48 Hours In Lisbon | The Weekender
(Main image credit: Rob Hurson/Flickr)
If there’s one thing we learnt while in Portugal, it’s that you should never get into a fight over pasteis de nata.
You’ll only ever end up with egg on your face.
But if there’s a second thing we learnt, it’s that it’s one of the most wonderful, vibrant and friendly places in the world to visit – and its capital is no exception. Architecturally stunning, with ancient labyrinthine streets and grand town squares, it’s rippling with culture, history, and hospitality. So whether you’re looking for the foodies’ paradise or just hoping to soak up the spirit of the place (figuratively and literally, which we’ll come to) – this is how to see the best of the city, even if you’ve only a weekend to spare.
DAY 1 | LISBON
Beat the queues for breakfast at Nicolau by arriving early doors at 9am. Pull up a chair outside their turquoise tile-fronted café and wolf down a set of their famous pancakes before heading for the Tram 28 stop by Praça Martim Moniz. These retro trams have been in operation since the 30s, and the 28 is known for taking a particularly tourist friendly route. Hop on for a lift up the hilly, picturesque neighbourhood of Alfama, the oldest part of the city that was once under Moorish rule.
If you’ve got time, head further out east towards the National Azulejo Museum. While yes, an entire museum dedicated to tiles might not sound completely riveting, these hand-painted ceramic works of art are a huge part of Portuguese culture, and are pretty damn beautiful. Otherwise, spend the morning exploring the labyrinthine streets of the neighbourhood, stumbling onto miradouros (balcony viewpoints overlooking the city) and listening to the fado music issuing from the many bars and cafés. The nearby Panteão Nacional is a vast church on the hilltops in which scores of the country’s most famous figures are buried, from writers to politicians and footballers. Down the road, meanwhile, is the Igreja de São Vicente de Fora, one of the city’s most impressive and beautiful churches that’s definitely worth a look in – or, head straight on to the Castelo de São Jorge, a Moorish castle with panoramic views of the city.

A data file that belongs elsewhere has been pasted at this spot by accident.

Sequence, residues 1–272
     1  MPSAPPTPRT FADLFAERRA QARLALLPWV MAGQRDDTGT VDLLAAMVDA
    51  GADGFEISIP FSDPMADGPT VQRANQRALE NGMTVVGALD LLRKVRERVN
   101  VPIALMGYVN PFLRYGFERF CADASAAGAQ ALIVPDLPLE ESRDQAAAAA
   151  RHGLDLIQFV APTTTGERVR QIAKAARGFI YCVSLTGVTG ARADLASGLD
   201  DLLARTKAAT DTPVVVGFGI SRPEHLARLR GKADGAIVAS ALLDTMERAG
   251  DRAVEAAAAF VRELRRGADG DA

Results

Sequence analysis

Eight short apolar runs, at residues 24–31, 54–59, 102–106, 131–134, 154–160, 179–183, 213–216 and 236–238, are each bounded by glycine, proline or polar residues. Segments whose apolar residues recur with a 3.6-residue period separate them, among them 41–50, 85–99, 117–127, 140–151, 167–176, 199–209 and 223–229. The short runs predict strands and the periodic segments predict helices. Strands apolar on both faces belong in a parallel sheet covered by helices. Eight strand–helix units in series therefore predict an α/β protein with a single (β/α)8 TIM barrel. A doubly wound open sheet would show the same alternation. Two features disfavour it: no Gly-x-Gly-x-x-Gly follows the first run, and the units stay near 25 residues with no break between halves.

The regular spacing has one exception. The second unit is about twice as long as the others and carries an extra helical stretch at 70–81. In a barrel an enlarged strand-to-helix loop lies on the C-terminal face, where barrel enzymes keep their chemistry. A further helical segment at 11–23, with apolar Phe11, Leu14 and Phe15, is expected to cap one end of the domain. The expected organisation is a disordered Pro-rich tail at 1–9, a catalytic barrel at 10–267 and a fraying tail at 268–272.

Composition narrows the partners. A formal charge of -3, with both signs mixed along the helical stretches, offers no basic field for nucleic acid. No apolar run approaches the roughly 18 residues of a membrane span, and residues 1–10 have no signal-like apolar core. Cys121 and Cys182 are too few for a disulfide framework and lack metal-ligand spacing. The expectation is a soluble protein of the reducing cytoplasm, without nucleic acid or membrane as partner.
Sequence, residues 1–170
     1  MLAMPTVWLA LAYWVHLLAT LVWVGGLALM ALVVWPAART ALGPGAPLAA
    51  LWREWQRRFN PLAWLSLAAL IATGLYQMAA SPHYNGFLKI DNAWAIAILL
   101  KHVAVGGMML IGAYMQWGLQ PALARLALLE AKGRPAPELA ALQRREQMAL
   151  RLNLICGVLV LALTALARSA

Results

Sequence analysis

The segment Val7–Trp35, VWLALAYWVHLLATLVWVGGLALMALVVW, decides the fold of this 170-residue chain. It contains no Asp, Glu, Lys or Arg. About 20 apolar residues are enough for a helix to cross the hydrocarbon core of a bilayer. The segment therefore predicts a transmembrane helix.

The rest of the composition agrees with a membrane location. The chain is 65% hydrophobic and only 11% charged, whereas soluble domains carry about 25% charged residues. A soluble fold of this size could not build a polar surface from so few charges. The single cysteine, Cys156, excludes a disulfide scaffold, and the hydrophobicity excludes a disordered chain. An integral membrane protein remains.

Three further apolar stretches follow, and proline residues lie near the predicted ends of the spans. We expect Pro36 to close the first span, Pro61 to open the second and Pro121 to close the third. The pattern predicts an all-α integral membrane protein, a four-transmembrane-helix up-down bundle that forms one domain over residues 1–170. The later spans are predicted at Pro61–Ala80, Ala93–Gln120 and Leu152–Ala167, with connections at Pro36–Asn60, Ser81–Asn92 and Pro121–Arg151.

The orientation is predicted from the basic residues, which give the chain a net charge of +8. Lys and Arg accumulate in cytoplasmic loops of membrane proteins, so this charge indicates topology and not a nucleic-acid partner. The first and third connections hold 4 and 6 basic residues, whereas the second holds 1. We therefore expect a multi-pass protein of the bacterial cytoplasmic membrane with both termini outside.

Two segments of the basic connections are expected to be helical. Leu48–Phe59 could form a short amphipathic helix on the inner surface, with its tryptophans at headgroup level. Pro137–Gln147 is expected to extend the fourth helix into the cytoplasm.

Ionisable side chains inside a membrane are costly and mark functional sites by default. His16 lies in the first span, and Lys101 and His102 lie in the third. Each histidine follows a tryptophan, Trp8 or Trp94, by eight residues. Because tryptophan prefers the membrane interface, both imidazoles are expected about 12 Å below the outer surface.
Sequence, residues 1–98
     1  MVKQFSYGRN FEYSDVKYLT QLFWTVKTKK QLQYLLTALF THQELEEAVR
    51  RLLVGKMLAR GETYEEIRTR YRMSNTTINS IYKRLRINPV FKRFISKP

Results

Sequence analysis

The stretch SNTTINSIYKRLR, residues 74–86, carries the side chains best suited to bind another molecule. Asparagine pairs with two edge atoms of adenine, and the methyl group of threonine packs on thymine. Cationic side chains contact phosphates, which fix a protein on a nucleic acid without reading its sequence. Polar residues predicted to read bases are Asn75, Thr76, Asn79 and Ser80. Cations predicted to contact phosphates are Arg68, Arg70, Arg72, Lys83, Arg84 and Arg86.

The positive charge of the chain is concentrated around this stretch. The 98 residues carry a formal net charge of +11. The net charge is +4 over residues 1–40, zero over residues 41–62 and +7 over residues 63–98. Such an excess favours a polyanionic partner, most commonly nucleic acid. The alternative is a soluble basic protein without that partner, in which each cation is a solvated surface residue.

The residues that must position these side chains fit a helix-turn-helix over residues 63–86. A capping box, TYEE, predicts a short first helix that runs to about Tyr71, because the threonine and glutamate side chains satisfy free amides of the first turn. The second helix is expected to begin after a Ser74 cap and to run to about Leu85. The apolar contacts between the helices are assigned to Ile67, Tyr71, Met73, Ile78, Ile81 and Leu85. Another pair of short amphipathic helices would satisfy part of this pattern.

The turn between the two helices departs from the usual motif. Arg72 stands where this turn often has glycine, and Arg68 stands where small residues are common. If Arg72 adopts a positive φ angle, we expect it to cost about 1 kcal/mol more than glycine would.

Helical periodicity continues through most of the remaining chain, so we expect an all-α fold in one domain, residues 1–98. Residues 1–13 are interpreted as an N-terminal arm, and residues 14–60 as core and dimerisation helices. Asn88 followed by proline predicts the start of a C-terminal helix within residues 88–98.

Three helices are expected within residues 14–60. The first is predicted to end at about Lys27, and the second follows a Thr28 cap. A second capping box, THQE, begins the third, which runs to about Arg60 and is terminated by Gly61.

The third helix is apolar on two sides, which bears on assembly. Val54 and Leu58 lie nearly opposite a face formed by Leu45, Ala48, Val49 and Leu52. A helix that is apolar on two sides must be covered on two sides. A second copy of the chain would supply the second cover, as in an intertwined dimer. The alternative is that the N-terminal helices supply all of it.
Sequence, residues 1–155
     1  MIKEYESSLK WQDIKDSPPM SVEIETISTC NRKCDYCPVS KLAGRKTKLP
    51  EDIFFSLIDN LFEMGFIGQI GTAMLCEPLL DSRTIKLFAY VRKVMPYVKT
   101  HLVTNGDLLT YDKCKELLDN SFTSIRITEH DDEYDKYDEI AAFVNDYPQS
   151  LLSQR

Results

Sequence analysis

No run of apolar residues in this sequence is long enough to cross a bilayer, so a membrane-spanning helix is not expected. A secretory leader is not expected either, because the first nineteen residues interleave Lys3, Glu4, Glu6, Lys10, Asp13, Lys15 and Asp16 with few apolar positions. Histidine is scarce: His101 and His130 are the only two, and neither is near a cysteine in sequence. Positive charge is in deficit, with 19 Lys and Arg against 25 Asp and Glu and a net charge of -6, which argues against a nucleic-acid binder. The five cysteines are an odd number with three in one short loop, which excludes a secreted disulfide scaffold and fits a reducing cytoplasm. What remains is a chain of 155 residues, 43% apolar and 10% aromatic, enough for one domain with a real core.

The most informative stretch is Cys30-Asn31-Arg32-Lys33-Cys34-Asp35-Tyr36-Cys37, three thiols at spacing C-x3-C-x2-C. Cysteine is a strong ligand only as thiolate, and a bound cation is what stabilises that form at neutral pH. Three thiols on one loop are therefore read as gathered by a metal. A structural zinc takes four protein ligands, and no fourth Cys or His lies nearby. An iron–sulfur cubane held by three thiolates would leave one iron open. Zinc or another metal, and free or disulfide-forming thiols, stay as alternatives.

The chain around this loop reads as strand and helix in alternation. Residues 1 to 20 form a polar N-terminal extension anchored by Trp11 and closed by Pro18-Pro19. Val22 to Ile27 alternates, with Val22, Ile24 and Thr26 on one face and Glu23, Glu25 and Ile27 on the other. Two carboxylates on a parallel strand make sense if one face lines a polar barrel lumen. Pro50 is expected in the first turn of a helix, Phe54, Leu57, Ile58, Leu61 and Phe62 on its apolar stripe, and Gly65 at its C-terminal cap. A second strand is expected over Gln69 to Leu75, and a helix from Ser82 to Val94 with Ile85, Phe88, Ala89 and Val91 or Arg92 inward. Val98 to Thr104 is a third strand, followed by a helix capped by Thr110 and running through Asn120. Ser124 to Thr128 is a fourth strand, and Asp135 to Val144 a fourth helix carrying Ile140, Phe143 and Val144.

Veer back round towards the lively and historical Praça do Rossio for a spot of lunch – the Chaminés do Palácio serves excellent local dishes in a Palace courtyard set back from the chaos of the main square. Finish up with a digestif shot of Ginjinha – a kind of sour cherry liqueur that’s essentially the national drink – at one of the cafés lining the square. A Ginjinha, unsurprisingly, is a good spot, filled with a cheery group of regulars spitting pips onto the street.
Carmo Convent | Aleksandr Zykov/Flickr
Head round the corner to see the Santa Justa lift – because, yes, Lisbon is the kind of city that has lifts between streets. This Neogothic iron number was built by an apprentice on the Eiffel Tower back in the late 19th century, but often has queues to use it. If you want to check out the views from the top, skip the line and take the stairs up through the atmospherically ruined Carmo Convent instead. Otherwise, keep heading down Rua Áurea towards MUDE – Museu do Design e Da Moda, a huge collection of noteworthy pieces contemporary design housed in a vast former bank (currently closed for renovation, keep an eye on their website HERE).
Literally round the corner is the Arco da Rua Augusta, a triumphal arch which has views back over the Alfama and the sprawling Praça do Comércio below – also home to the excellent Lisboa Story Centre, a museum dedicated to the city’s history with lots of background on the devastating earthquake of 1755.